• Sign in to follow this  
    Followers 0

    GM Plans To Increase Production Of Plug-In Vehicles


    By William Maley

    Staff Writer - CheersandGears.com

    February 28, 2013

    Before the Chevrolet Volt was launched, General Motor executives were making some very bold claims on production numbers, throwing numbers like 60,000 or 45,000 Volts a year. Since going into production, GM has sold 7,671 Volts in 2011 and 23,461 in 2012. Combine the Opel and Vauxhall Ampera and then you're looking around 30,000 plug-in vehicles. Now for 2013, General Motors looks to be boosting their production number, albeit more realistic.

    Bloomberg reports that General Motors is planning to boost production of their plug-in vehicles to 36,000, a 20% increase. This information comes from two sources familiar with the matter.

    Source: Bloomberg

    William Maley is a staff writer for Cheers & Gears. He can be reached at william.maley@cheersandgears.com or you can follow him on twitter at @realmudmonster.

    0


    Sign in to follow this  
    Followers 0


    User Feedback


    Cool and Excited that they are finally expanding production, just wish they would put the VOLT power Train into a Butch CUV like the Terrain or Equinox. This would sell very well.

    0

    Share this comment


    Link to comment
    Share on other sites

    Volt, Ampera, ELR...I would think a CUV would be next...but it will probably be something unique rather than an existing CUV model...buyers of plugin hybrids want uniqueness...

    0

    Share this comment


    Link to comment
    Share on other sites

    Volt, Ampera, ELR...I would think a CUV would be next...but it will probably be something unique rather than an existing CUV model...buyers of plugin hybrids want uniqueness...

    At least that would be something, right now there is nothing. I hate waiting!!! :P

    0

    Share this comment


    Link to comment
    Share on other sites

    I do not see anything too goofy coming as GM looks to keep these vehicles as much like a normal car as possible.
    GM wants it to ride, drive, feel and look as much like a normal car as possible. GM has resisted the science fair project look as well as the golf cart look.

    I see the expansion will be coming with new models and I see more coming on the Gen 2 platform.

    Other than the plug in deal they want you to feel at home in a regular car.

    No the key is to reach regular car like pricing for the slow growth market to change to a fast one. Even then growth will be limited as these are still not cars for everyone.

    0

    Share this comment


    Link to comment
    Share on other sites


    Your content will need to be approved by a moderator

    Guest
    You are commenting as a guest. If you have an account, please sign in.
    Add a comment...

    ×   You have pasted content with formatting.   Remove formatting

      Only 75 emoticons maximum are allowed.

    ×   Your link has been automatically embedded.   Display as a link instead

    ×   Your previous content has been restored.   Clear editor




  • Popular Stories

  • Similar Content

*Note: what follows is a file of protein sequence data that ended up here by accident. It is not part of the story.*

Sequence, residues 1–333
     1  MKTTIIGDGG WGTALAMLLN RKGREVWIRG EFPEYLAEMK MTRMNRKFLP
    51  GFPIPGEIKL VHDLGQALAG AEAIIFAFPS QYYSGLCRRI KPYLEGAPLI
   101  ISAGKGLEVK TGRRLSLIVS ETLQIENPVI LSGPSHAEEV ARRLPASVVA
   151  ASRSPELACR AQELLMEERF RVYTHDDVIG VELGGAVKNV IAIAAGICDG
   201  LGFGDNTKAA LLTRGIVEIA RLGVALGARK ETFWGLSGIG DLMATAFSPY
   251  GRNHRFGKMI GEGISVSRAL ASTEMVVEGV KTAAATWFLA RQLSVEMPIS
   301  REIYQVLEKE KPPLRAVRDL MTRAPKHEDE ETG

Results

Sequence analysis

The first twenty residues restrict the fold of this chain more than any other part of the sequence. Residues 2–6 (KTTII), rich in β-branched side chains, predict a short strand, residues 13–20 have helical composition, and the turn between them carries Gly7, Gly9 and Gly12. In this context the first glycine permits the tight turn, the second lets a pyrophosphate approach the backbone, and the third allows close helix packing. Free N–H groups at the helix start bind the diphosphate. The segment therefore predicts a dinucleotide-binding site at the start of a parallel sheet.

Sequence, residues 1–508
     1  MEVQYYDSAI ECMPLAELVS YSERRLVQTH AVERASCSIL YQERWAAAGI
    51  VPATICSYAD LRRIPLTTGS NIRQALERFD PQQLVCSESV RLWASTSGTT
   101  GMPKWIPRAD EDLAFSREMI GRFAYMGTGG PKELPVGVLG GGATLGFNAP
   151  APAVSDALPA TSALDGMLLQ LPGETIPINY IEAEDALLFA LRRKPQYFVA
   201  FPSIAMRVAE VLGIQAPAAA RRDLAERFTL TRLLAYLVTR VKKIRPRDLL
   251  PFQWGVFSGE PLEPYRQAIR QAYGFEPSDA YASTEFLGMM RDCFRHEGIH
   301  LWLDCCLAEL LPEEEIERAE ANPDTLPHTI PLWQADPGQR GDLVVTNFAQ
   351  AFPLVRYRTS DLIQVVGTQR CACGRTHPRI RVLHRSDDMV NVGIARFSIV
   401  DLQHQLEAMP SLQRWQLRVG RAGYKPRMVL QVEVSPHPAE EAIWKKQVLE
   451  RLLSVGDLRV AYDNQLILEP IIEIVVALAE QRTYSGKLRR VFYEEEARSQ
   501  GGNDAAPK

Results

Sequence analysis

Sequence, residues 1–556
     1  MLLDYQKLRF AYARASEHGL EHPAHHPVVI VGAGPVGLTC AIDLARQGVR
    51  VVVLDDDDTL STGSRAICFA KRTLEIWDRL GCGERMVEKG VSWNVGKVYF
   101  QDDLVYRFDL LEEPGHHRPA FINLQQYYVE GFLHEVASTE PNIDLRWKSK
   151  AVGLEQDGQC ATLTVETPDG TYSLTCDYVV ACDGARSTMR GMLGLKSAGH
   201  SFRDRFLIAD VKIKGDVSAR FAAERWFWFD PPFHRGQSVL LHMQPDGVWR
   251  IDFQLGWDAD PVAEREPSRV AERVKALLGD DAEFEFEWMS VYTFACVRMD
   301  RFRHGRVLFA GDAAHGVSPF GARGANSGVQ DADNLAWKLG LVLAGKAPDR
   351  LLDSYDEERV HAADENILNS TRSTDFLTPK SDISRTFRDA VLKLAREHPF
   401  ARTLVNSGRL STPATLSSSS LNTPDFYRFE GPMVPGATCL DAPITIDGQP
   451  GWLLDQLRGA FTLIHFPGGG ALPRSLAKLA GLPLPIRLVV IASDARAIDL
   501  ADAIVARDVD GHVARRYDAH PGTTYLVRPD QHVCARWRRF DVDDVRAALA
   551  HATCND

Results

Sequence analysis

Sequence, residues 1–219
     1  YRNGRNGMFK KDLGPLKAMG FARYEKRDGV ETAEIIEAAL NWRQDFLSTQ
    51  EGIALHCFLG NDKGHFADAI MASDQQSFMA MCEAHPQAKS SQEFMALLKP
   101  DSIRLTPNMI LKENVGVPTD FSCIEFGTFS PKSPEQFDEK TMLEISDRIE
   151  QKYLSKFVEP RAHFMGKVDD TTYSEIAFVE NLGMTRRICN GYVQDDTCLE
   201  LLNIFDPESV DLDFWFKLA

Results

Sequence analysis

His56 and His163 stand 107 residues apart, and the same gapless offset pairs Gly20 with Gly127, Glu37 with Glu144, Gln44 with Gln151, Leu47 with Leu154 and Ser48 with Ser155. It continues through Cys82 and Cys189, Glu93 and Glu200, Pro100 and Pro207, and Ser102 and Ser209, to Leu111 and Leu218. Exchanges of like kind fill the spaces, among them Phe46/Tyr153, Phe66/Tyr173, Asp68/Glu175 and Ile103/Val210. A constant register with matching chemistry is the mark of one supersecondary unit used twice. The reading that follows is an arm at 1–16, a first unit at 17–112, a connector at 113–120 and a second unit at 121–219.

• By William Maley
      The Model 3 is Tesla's most anticipated vehicle and biggest gamble the company has undertaken. But this gamble has become more risky thanks to a decision concerning the production line.
      Reuters reports that Tesla is skipping a step most automakers undertake when producing a new vehicle. Prototype tools are bought in on the production line to help determine issues in terms of fit and finish. Once these issues are worked out, the prototype tools are scrapped and automakers place orders for permanent and expensive tools. But Musk told investors last month, Tesla was jumping into the permanent and expensive part first so they can meet their self-imposed volume production deadline of September.
      "He's pushing the envelope to see how much time and cost he can take out of the process," said Ron Harbour, a manufacturing consultant at Oliver Wyman.
      According to a source, this 'soft tooling' caused problems for Model X. Due to a tight timeline to get the vehicle into production, Tesla was unable to take any of the lessons learned from this before ordering the final production tooling.
      "Soft tooling did very little for the program and arguably hurt things," said the source.
      Musk said computer simulations has helped with skipping the prototype tooling stage.
      This move fits Elon Musk's tendency to take big gambles and do things a bit different than what is expected in the industry. Most of the time, it has paid off. 
      The problem is if this equipment proves to be flawed in some way, it could cost Tesla millions to fix the issue and introduce production delays. 
      "It's an experiment, certainly," said Jake Fisher from Consumer Reports. Tesla could possibly fix these errors quickly, "or it could be they have unsuspected problems they'll have a hard time dealing with."
      Source: Reuters

      View full article
    • By William Maley
      The Model 3 is Tesla's most anticipated vehicle and biggest gamble the company has undertaken. But this gamble has become more risky thanks to a decision concerning the production line.
      Reuters reports that Tesla is skipping a step most automakers undertake when producing a new vehicle. Prototype tools are bought in on the production line to help determine issues in terms of fit and finish. Once these issues are worked out, the prototype tools are scrapped and automakers place orders for permanent and expensive tools. But Musk told investors last month, Tesla was jumping into the permanent and expensive part first so they can meet their self-imposed volume production deadline of September.
      "He's pushing the envelope to see how much time and cost he can take out of the process," said Ron Harbour, a manufacturing consultant at Oliver Wyman.
      According to a source, this 'soft tooling' caused problems for Model X. Due to a tight timeline to get the vehicle into production, Tesla was unable to take any of the lessons learned from this before ordering the final production tooling.
      "Soft tooling did very little for the program and arguably hurt things," said the source.
      Musk said computer simulations has helped with skipping the prototype tooling stage.
      This move fits Elon Musk's tendency to take big gambles and do things a bit different than what is expected in the industry. Most of the time, it has paid off.